Stephan has a cold, so I have to do my own work again. Fortunately I'm now feeling well enough to do that.
I received word that a certain envelope had been received by some children and that they'd now discovered www.wheresrobot.com, so I spent some time at the computer, answering emails in the name of Robby Robot, corresponding with Stella, as she read through the episodes of his story. She had to email from the bottom of each page, before I'd make the next one available to her. When (if) I obtain her permission to do so, I will publish the correspondence. It was a mixture of hilarious, indignant and very sweet.
The two budgies sang their first duet this afternoon. They've been taking turns until now, singing at each other for half an hour at a time, but today the tempo was doubled, and I realised they were doing it together. They're preening each other quite a lot as well and there's a sort of kissy thing going on. I read that the female should be at least a year old before being allowed to breed, so I don't think we'd better provide them a nesting box at this stage.
It rained from 2pm, so I didn't go out to the cows until later in the afternoon.
I'm moving the cows around quickly now, trusting that the grass will speed up its growth as well; although if the temperatures don't improve soon, that may not happen as quickly as I wish it to.
I thought I'd counted my 30 cows out of the paddock and was about to close the spring gate when Eva appeared. She's often late, like her mother, Demelza.
Down on the paddock in front of the house, a family of Pukeko appeared this morning: three parents and five chicks. If we moved in the house, the chicks shot off into the long grass, but if we were sneaky, we could watch them for long periods, being fed by the adults. They generally form groups for the rearing of young.
Bush Lawyer, Tataramoa, Rubus cissoides. Bush Lawyer grows all over the place. You always want to find it before it finds you, or it really hurts! There are hooks along the undersides of the leaves and all down the stems ... It's very unpleasant if it catches your skin. Pretty flowers though.
I don't know what this tree is. I thought it was a Maire, but its leaves don't match the descriptions or pictures in my tree books. If you recognise it, please tell me. I shall have to get some closer pictures of its leaves and trunk to aid identification.
Karamu, Coprosma robusta, is also in flower; a very common plant.
I'm a bit sick of all this wetness and mud. There isn't any ground anywhere that isn't all pugged and waterlogged. It's horrid.
The winter hasn't been anything like 2008, the yardstick against which all winters will be measured, but there is about 120mm more rainfall than average lying around, thanks to a wetter-than usual July and a bit more having fallen last month as well. September's rainfall has almost reached the average already, so it is also a wetter month than usual.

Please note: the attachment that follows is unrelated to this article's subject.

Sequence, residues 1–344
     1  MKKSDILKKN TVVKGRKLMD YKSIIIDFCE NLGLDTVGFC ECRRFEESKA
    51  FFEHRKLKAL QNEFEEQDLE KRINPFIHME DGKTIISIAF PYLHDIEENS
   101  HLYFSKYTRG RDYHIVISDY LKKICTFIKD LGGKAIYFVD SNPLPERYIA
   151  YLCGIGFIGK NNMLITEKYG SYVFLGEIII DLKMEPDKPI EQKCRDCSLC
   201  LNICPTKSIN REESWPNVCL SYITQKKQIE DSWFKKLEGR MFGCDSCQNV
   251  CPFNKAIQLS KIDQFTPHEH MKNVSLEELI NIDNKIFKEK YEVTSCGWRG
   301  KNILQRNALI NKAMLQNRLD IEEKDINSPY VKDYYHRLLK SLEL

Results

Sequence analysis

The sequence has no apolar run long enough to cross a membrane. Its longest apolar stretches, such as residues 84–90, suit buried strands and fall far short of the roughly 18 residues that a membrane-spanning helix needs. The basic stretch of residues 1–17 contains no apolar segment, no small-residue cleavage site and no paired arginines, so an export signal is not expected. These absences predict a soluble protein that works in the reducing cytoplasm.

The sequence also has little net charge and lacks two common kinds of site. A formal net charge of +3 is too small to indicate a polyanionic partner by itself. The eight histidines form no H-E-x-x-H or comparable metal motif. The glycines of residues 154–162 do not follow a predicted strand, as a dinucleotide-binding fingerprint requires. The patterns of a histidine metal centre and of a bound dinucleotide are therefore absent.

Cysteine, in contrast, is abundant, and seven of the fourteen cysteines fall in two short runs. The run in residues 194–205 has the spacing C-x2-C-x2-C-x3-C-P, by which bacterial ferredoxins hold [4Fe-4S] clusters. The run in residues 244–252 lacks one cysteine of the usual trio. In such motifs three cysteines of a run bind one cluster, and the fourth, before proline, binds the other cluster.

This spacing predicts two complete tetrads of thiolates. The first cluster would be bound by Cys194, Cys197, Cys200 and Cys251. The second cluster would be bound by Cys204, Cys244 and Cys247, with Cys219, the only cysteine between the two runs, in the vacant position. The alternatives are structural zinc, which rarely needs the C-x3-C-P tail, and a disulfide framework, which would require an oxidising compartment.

I went over to Kerikeri today, where the NZQA appears to have settled in holding its training for Exam people. It's a pain because the training takes up most of the day (with travel there and back), rather than only the morning. They don't tell us who else is attending, so I arrived there to find someone with whom I could easily have shared or caught a ride down.
The gathering is not really training, just a catch-up on the latest changes to the Exam systems, and an opportunity to discuss with our boss and each other, how to handle problems which crop up during the exam season.
I can't tell you in detail what my job involves, because it's all top secret! Not really, but it's not detail I should write about here. If you're curious, email me.
On the way down through the Mangamuka Gorge I looked to see whether the Kowhai trees were flowering and on the way home stopped to take some pictures. They always make me feel like spring has arrived.
Another cheery yellow flower, but one I hope we never see at our place. This is Gravel Groundsel, Senecio skirrhodon, growing on the side of the main road down at Victoria Valley and it is spreading. The plants are now growing on the other side of the road from the area I first saw them last year. It's marching toward us and nobody's doing anything about it. There is no way, apparently, to make the guy whose paddock it's growing in, stop it from spreading out. Stupid, stupid, stupid.
This is what pasture looks like when the animals avoid eating the toxic plant.
This property is the one from which our first lot of river metal came. It wasn't until last year that I heard this was also where Gravel Groundsel is actively growing (it's widespread further north and creating a real problem for the farmers there).
I can't find the pictures I'm fairly sure I took at the time, but I have a strong feeling I pulled a lot of little plants like these out of our track in the months after the gravel had been spread. I recognised them as something I'd not seen before and so eliminated them. I am very glad I did. There's a slight chance there could have been some in places I have not had occasion to wander, since a little of the river gravel was spread near one of our own streams. I suspect it's a weed we're just going to have to contend with as best we can, just as we do with its cousin, Ragwort.
Stephan cooked me a birthday dinner: glazed ham with roast vegetables. It was all delicious, especially the ham. This is one of the many hams we had done from the last pigs and it's very good. I really like good ham!
The cows look ok from this angle and distance, but some of them are a bit thinner than I'd like. This hasn't been a particularly easy winter.